Angels Vs. Devils On Horseback: What Makes These British Bites Different

If you were told that a party's menu would include "Angels on Horseback" and "Devils on Horseback," what would you picture? The names may conjure fun images of miniature knights or cowboys on your shoulder trying to guide a difficult decision, but they are, in fact, a set of complementary hors d'oeuvres made of an oyster or prune wrapped in bacon. 

While the dishes are most associated with Victorian England, there is some dispute as to whether that is where they actually originated. Some say the recipes originated in England, while others support the theory that "Angels on Horseback" or "anges a cheval" were first created in France. 

One thing that is agreed on is that the names of these dishes are a bit of a culinary mystery as there is nothing that seems inherently angelic, devilish, or horse-like about them. However, if we dig deeper, we can see what makes these savory and sweet bites delectably unique.

Angels on Horseback are oysters wrapped in bacon

Angels on Horseback were the original of the two "horseback" dishes and originated in the 19th century when oysters were considered cheap, lower-class food. The idea was to wrap the oysters in bacon, bake or fry them, and serve them on bread as an inexpensive dinner option. However, as the price of oysters increased in cities like London and New York, where they were once cheap and plentiful, Angels on Horseback graduated into the tier of upper-class dinner party appetizers.

British Food: A History notes that the best way to make these bite-sized delicacies is by purchasing large, pre-shucked oysters, wrapping them in bacon, and securing them with a toothpick before popping them in the oven. Recipes vary on whether the oysters should be baked, broiled, or fried, and some include serving them on toast, while others let them stand alone. Others recommend substituting less-expensive scallops for the oysters. While many recipes recommend serving the "angels" with a dash of lemon or lime juice, others suggest giving the angels a twist of heat by adding pepper or tabasco sauce, ironically making them a little more "hellish" than their devil counterparts.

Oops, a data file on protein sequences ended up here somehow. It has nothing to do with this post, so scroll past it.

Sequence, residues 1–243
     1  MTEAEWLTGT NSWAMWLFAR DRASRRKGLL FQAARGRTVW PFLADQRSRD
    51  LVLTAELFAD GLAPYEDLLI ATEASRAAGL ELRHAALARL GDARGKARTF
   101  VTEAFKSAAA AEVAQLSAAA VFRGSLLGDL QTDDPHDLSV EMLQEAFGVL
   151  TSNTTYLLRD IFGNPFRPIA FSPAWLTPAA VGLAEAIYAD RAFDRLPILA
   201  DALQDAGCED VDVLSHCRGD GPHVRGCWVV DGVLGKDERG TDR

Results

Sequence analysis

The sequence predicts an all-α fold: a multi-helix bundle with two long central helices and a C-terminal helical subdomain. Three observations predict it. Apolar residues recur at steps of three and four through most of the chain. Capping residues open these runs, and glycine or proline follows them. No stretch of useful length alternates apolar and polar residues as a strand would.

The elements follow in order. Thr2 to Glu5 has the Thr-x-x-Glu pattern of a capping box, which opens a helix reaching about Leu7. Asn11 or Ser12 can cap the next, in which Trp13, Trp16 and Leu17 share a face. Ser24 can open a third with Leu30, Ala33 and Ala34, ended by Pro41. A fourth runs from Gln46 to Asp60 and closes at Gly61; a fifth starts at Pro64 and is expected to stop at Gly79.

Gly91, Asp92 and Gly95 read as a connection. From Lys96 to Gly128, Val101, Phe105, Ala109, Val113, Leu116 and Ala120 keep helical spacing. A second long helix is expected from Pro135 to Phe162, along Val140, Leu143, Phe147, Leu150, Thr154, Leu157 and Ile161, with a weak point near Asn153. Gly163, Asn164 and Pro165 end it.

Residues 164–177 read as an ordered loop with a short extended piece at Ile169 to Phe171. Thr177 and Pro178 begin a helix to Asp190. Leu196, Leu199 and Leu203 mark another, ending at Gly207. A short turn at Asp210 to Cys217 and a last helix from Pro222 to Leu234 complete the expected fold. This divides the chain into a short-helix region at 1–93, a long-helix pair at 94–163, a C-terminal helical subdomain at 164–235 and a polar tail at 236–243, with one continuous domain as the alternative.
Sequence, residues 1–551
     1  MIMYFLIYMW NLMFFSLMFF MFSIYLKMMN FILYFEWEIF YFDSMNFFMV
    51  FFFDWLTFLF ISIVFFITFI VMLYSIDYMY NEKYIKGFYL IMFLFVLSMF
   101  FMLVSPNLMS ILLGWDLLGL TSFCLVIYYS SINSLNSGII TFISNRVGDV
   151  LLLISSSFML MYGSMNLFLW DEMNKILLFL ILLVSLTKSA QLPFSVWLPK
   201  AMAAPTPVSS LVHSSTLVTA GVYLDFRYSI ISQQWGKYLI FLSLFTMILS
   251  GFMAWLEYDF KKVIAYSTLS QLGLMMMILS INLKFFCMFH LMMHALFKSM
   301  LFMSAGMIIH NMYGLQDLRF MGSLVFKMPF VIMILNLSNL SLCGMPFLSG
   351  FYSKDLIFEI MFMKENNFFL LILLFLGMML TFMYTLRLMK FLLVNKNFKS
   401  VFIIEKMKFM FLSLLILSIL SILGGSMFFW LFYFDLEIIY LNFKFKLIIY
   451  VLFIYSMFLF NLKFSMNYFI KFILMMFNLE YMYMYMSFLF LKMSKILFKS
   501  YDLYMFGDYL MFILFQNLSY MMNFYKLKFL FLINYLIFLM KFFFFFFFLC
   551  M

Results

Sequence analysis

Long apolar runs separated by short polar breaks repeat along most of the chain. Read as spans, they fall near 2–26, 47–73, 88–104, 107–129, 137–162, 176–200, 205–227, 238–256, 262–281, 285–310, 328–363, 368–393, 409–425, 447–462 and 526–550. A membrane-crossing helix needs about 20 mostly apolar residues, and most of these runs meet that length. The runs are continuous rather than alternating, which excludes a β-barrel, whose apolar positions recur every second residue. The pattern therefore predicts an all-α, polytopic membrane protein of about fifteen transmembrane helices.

With their continued popularity, which has ebbed and flowed through Europe and the U.S. over the decades, it seems the running consensus is that the name stems from the curled edges of the pinned bacon, creating angel-like wings. 

Devils on Horseback are prunes wrapped in bacon

Sometime after the creation of Angels on Horseback, Devils on Horseback entered the scene. The name of these is somewhat easier to figure out as it was likely done as a play inspired by this dish's red and black coloring, and the original recipe called for cayenne pepper. But what makes it ironic is that most modern recipes do not include hot spices as many "deviled" foods often do. Instead, Devils on Horseback are made by taking pitted, large prunes and wrapping them in bacon, much like the oysters are wrapped in the angel recipe.

British Food: A History recommends first soaking the prunes in tea before stuffing them with almonds and wrapping them in bacon, using a toothpick to affix the meat once again. Other recipes recommend using soft cheese or chutney as a filling instead, though originally, no filling was required — just prunes and bacon. If you are not a prune fan, dates can also be substituted for prunes in this recipe, much like scallops work as an alternative to oysters. Serve them with their bacon-wrapped shellfish counterparts, and you have a sweet and savory appetizer combination made in Heaven (or Hell).